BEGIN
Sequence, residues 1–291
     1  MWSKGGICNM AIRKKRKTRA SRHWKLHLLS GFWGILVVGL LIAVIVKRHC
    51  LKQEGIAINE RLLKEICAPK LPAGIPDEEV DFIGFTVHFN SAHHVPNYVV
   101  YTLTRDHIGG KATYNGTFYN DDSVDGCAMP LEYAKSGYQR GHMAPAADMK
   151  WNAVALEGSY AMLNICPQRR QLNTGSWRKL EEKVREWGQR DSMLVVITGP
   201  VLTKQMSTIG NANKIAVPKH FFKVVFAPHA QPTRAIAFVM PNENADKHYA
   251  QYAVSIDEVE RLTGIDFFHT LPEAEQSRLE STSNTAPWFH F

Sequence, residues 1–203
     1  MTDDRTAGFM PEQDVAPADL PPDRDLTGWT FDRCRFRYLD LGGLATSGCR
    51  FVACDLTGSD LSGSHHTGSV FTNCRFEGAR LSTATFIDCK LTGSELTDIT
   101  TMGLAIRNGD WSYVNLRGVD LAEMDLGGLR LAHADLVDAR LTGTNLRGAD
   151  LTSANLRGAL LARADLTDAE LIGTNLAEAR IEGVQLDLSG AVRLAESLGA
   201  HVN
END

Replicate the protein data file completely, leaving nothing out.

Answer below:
Sequence, residues 1–291
     1  MWSKGGICNM AIRKKRKTRA SRHWKLHLLS GFWGILVVGL LIAVIVKRHC
    51  LKQEGIAINE RLLKEICAPK LPAGIPDEEV DFIGFTVHFN SAHHVPNYVV
   101  YTLTRDHIGG KATYNGTFYN DDSVDGCAMP LEYAKSGYQR GHMAPAADMK
   151  WNAVALEGSY AMLNICPQRR QLNTGSWRKL EEKVREWGQR DSMLVVITGP
   201  VLTKQMSTIG NANKIAVPKH FFKVVFAPHA QPTRAIAFVM PNENADKHYA
   251  QYAVSIDEVE RLTGIDFFHT LPEAEQSRLE STSNTAPWFH F

Sequence, residues 1–203
     1  MTDDRTAGFM PEQDVAPADL PPDRDLTGWT FDRCRFRYLD LGGLATSGCR
    51  FVACDLTGSD LSGSHHTGSV FTNCRFEGAR LSTATFIDCK LTGSELTDIT
   101  TMGLAIRNGD WSYVNLRGVD LAEMDLGGLR LAHADLVDAR LTGTNLRGAD
   151  LTSANLRGAL LARADLTDAE LIGTNLAEAR IEGVQLDLSG AVRLAESLGA
   201  HVN